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A letter to the woman who told me to stay in my daughter's life after seeing my skin.

'I'm not a shiny unicorn. There are plenty of black men like me who love fatherhood.'

A letter to the woman who told me to stay in my daughter's life after seeing my skin.
Doyin Richards
True
Fathers Everywhere

This article originally appeared on 06.15.16


To a stranger I met at a coffee shop a few years ago who introduced me to what my life as a parent would be like:

My "welcome to black fatherhood moment" happened five years ago, and I remember it like it happened yesterday.

I doubt you'll remember it, though — so let me refresh your memory.


It was a beautiful Saturday morning in Los Angeles in 2011, and I decided to walk my then 3-month-old daughter to the corner Starbucks. That's when I met you — a stylish older white woman who happened to be ahead of me in line.

You were very friendly and offered up many compliments about how cute my daughter was, and I agreed wholeheartedly with you. She's cute.

But after you picked up your drink, you delivered this parting shot:

"No offense, but it's not often that I see black guys out with their kids, but it's such a wonderful thing," she said. "No matter what happens, I hope you stay involved in her life."

And then you put on your designer sunglasses and left.

Meanwhile, I was like...

GIF from "Live with Kelly and Michael."

Here's the thing: I'm not angry with you, but I want you to understand the impact you had on my life.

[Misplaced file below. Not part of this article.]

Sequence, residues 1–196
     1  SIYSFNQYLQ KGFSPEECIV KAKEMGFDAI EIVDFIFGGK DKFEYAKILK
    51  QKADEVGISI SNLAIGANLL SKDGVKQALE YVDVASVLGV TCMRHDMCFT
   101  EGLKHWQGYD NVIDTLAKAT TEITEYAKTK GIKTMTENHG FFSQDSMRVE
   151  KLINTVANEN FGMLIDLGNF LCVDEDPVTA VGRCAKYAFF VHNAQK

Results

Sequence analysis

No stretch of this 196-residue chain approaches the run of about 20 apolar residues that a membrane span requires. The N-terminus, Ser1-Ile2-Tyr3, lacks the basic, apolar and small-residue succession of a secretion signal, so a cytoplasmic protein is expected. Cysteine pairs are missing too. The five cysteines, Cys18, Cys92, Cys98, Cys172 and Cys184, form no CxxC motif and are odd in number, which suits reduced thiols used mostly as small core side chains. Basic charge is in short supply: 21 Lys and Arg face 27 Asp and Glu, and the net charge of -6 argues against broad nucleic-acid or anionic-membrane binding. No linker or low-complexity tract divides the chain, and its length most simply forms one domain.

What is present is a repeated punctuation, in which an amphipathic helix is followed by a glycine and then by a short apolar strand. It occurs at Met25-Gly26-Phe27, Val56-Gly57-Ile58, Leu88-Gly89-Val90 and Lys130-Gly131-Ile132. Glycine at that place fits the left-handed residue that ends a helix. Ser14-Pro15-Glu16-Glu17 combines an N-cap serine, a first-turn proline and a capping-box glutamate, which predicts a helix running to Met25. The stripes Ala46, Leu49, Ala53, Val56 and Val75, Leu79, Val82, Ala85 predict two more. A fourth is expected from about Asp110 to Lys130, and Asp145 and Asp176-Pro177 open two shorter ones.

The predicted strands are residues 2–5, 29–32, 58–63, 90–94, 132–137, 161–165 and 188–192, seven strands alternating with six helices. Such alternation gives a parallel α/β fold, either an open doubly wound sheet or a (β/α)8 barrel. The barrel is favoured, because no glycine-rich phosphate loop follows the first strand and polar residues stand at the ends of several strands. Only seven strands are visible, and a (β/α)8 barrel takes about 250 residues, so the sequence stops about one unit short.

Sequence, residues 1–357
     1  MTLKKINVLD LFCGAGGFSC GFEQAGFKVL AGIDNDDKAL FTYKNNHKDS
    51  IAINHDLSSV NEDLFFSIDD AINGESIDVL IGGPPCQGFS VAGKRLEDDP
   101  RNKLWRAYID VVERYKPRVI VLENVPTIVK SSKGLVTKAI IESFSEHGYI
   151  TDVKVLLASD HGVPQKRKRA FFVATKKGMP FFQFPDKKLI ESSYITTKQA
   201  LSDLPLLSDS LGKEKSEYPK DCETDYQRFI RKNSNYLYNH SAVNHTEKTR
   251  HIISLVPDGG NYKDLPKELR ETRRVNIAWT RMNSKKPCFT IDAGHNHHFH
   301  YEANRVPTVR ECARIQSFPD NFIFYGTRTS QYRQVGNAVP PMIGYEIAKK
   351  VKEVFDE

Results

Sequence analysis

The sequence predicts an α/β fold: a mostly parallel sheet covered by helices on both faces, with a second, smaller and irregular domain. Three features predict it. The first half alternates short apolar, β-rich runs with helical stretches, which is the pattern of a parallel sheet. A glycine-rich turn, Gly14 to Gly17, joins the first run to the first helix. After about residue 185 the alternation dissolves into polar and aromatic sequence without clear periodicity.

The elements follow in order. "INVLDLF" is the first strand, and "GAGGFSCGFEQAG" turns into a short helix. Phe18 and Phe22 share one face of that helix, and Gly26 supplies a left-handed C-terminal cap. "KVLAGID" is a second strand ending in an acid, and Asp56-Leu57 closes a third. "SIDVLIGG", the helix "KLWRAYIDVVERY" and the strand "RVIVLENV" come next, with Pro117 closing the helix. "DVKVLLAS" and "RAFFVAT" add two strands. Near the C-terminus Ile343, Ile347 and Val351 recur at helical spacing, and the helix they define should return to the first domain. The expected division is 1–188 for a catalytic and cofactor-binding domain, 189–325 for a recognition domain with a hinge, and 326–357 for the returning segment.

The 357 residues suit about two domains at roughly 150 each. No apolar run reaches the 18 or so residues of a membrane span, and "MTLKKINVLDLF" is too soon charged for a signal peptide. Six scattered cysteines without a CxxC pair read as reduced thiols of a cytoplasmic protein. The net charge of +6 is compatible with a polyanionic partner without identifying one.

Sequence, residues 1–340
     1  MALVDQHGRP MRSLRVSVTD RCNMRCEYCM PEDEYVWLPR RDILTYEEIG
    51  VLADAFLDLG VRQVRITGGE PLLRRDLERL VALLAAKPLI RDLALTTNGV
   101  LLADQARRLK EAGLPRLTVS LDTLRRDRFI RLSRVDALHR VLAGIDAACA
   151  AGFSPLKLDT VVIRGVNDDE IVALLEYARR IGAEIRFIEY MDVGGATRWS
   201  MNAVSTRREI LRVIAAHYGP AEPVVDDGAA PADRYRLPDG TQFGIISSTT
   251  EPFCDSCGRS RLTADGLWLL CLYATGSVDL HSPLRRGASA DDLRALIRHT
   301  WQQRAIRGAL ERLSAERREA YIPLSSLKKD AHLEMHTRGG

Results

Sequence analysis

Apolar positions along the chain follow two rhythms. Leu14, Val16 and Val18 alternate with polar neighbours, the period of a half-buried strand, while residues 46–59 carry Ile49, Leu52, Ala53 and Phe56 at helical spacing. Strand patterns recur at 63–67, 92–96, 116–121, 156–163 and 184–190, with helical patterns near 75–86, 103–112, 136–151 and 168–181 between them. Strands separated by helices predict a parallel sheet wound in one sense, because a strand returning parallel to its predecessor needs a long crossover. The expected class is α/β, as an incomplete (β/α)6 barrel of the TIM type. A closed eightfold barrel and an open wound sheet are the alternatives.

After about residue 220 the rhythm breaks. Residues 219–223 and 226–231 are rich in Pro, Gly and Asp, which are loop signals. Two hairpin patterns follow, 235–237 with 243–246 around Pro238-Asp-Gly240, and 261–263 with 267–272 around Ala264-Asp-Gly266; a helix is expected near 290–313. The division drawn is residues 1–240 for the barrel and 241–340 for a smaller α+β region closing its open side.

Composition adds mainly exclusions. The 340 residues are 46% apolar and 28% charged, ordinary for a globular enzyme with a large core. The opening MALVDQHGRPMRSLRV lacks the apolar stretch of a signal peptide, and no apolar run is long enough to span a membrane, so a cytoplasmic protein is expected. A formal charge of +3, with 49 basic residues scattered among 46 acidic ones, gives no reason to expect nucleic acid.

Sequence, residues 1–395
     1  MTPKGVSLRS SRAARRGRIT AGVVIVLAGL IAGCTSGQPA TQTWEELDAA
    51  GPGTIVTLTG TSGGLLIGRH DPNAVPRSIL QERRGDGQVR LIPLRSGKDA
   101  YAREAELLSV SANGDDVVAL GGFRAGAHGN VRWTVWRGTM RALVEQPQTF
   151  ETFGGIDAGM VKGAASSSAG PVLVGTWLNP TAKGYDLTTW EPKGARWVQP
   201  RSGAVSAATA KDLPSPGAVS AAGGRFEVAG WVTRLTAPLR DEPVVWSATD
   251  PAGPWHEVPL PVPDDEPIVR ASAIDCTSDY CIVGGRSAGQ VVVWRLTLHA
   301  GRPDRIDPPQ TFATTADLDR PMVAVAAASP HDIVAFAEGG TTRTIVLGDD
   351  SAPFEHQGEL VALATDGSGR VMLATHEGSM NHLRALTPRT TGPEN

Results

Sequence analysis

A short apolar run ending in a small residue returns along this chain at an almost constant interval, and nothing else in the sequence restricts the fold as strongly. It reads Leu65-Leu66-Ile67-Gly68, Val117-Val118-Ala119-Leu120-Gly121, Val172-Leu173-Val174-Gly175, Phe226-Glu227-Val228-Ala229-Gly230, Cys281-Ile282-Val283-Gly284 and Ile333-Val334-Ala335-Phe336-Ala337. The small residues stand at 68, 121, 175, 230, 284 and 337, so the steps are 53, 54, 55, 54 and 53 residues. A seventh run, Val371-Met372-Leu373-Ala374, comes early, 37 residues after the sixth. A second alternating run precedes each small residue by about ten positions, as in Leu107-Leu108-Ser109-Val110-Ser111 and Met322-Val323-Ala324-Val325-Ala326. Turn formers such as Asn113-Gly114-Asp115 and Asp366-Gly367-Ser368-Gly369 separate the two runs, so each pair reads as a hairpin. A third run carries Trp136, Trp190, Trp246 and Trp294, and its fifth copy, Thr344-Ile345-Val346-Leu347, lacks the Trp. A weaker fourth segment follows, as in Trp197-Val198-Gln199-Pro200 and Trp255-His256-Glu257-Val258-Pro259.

Do I think you're a mean-spirited racist? No, I don't. Actually, I bet you're a really nice lady.

But let's be real for a second: Your view on black dads was tough for me to stomach, and I want you to know a few things about what it's really like to be me.

1. I want you to know that we have challenges that other dads don't experience.

I know what you're thinking: "Oh boy — let me brace myself while he 'blacksplains' how hard his life is while shaming me for ignoring my white privilege."

But that would be missing the point. We all have our challenges in life, and I'm not about to bring a big bottle of whine to a pity party.

Instead, as you probably know, today's dads are trying to shed the stigma of being clueless buffoons.

Kid, you're gonna love this! Wheeeee ... uh oh.

But black dads have an additional obstacle to hurdle in that we're often seen as completely disinterested in fatherhood. Trust me, it gets old when people automatically assume you're not good at something because of the color of your skin.

Our encounter was the first of many examples of this that I've witnessed, directly or indirectly, in my five and a half years of fatherhood, and I'm sure there will be more to come.

2. I want you to know that I'm not a shiny unicorn. There are plenty of black men just like me who love fatherhood.

During the months that followed our brief meeting, I felt a need to prove that you — a complete stranger — were wrong. I needed to prove there were plenty of black men just like me who loved being dads.

I knew a lot of these great men personally: My dad, my two brothers, and many others embraced fatherhood. But could any data back up how much black dads embraced fatherhood? Because the examples in mainstream media were few and far between.